But since these medications are prescribed to reduce the severity of clogged arteries and other cardiovascular issues, they should help with ED if used correctly, since they address the underlying cause.

Lifestyle Changes

Maybe you’re one of those people who rolls your eyes at the idea that lifestyle tweaks can improve ED. But common risk factors of atherosclerosis, and therefore ED, include diabetes, hypertension, smoking, obesity and hyperlipidemia (a large amount of fat in the blood).

Research suggests that managing these factors can prevent ED, and one of the least invasive ways to manage them is through lifestyle changes.

It may seem daunting but these little changes can make a big difference. Let’s explore some easy ways to make them.

Quit smoking

If you smoke, you’ve almost certainly thought about quitting before, and it’s definitely easier said than done. But quitting smoking can improve ED (not to mention your overall health), and maybe that’s the nudge you need to finally stop for good.

Research shows that smoking affects the vascular system and can worsen erectile function — long story short, smoking constricts blood vessels and depletes nitric oxide, which can cause ED. Trials show that men who stop smoking (especially younger men without comorbidities) see improvement in ED.

Eat a healthy diet

No one is saying you need to swear off melted cheese forever (the horror), but making some tweaks to your diet can be helpful in the fight against vascular ED.

The Dietary Approaches to Stop Hypertension (DASH) eating plan is a good place to start. This plan recommends fruits, vegetables and whole grains, and limits saturated fats, salt and added sugars.

Exercise

Relax, pals — you don’t have to start training for a marathon or go anywhere near a CrossFit gym (unless you want to!). Jumping rope in your yard or taking a walk around the neighborhood while you’re on a call is all it takes to improve heart health.

The American Heart Association recommends gradually working up to at least 2.5 hours of moderate-intensity aerobic physical activity per week, or 75 minutes of “vigorous aerobic activity.”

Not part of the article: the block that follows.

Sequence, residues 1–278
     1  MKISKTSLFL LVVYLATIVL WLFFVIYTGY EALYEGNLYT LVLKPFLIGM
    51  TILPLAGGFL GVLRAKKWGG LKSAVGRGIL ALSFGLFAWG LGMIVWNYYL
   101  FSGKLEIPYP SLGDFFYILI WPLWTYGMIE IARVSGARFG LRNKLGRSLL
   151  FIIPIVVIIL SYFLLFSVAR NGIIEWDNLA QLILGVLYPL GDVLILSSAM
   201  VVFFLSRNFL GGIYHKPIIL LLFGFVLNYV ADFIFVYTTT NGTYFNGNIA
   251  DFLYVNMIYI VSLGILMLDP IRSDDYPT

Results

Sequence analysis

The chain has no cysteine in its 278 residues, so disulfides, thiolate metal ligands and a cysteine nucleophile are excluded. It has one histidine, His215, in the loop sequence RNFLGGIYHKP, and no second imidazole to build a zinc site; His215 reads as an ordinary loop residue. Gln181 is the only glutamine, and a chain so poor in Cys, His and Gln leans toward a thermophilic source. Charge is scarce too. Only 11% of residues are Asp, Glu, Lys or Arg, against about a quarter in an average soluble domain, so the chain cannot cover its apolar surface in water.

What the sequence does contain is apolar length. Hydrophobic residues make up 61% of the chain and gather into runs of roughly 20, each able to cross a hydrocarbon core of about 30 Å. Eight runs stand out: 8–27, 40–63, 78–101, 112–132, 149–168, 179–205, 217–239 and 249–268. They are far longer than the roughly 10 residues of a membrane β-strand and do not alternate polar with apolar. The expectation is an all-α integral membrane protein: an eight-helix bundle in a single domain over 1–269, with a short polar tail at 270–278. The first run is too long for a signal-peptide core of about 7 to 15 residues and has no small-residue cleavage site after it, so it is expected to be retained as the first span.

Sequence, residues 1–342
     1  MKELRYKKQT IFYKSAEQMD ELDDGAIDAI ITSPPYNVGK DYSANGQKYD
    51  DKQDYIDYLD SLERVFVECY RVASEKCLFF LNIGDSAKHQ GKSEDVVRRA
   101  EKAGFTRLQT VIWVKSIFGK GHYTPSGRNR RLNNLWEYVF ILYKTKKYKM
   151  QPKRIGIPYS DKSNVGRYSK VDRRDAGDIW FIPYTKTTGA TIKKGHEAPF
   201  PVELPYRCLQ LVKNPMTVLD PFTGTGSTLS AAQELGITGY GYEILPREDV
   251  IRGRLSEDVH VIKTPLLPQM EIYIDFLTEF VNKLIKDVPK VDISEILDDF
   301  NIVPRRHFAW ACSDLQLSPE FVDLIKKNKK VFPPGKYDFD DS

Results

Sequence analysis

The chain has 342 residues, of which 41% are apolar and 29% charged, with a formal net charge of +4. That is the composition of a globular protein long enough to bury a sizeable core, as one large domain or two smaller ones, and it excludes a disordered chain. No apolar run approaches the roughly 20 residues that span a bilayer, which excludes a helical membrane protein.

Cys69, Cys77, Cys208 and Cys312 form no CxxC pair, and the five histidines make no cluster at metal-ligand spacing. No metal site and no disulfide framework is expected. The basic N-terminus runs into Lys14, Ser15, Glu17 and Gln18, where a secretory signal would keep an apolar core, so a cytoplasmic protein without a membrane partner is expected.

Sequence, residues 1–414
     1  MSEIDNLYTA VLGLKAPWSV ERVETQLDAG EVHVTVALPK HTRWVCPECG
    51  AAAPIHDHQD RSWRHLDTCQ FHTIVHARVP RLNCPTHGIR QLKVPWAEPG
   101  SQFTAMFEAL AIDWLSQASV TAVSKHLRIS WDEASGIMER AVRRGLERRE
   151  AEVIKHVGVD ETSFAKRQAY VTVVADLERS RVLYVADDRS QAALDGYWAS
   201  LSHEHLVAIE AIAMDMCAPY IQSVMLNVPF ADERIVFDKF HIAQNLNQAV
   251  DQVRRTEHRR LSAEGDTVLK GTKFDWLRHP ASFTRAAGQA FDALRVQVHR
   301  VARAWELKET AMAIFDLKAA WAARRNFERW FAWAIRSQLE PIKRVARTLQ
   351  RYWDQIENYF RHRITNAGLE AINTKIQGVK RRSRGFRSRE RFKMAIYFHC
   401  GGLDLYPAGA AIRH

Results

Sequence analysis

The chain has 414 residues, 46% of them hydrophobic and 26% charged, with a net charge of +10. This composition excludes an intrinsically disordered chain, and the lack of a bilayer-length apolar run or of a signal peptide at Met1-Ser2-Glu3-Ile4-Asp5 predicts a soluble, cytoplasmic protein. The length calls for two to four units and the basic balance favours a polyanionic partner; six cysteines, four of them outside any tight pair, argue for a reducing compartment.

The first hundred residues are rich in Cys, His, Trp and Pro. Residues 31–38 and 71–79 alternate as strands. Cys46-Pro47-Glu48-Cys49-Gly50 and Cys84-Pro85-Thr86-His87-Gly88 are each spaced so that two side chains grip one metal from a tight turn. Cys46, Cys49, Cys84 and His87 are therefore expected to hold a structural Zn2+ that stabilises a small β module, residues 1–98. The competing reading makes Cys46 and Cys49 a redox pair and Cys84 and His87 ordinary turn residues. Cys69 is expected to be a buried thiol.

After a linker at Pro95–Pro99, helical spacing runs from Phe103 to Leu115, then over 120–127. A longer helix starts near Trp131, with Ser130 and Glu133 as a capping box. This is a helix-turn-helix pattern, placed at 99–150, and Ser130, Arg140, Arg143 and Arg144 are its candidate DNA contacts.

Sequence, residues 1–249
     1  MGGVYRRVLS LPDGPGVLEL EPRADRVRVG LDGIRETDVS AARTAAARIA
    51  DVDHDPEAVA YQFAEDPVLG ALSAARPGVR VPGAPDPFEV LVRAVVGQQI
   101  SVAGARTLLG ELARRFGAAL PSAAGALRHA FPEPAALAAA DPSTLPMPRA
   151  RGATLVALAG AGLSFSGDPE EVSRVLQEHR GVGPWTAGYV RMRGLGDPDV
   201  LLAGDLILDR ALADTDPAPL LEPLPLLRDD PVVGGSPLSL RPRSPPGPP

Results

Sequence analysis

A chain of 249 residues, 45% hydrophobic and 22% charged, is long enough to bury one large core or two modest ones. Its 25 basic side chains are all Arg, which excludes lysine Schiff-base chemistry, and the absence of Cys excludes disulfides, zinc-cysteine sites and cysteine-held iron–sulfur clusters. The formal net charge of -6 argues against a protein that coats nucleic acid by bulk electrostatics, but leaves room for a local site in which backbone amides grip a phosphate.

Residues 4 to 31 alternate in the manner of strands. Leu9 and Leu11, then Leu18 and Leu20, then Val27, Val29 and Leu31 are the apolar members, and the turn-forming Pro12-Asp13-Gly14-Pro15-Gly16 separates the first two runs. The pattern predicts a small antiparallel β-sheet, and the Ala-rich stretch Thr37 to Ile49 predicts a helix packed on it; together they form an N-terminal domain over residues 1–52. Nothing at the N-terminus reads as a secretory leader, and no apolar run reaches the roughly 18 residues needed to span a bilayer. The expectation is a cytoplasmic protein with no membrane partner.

Regular exercise can help to lower your LDL cholesterol (the “bad” one), increase your HDL cholesterol (the “good” one), reduce your blood pressure and strengthen your heart, all of which keep your arteries in good condition and make it easier for blood to flow throughout your body.

Maintain a healthy weight

Obesity and ED are associated, which means that obese people often experience ED as well. More research is needed, but animal studies show that weight loss via bariatric surgery can improve ED.

Losing just three to five percent of your current weight — that’s just about eight to 13 pounds for a 250-pound person — can help control coronary heart disease risk factors like high blood cholesterol and diabetes.

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ED probably isn’t something you sit around chatting about with your buddies, so it can feel isolating. But you’re not alone— erectile dysfunction is a common sexual dysfunction, affecting approximately 30 million men in the US.

 It’s so common, in fact, that a routine assessment for ED is recommended in all men over age forty. This is important because an ED diagnosis may help identify and decrease the risk of potential cardiovascular events.

There are other factors, like urethral stricture, genital deformities and certain untreated sexually transmitted diseases that could also contribute to ED and are important to screen for.

But here, we’re talking specifically about vascular ED, so here’s what to remember about ED caused by a clog.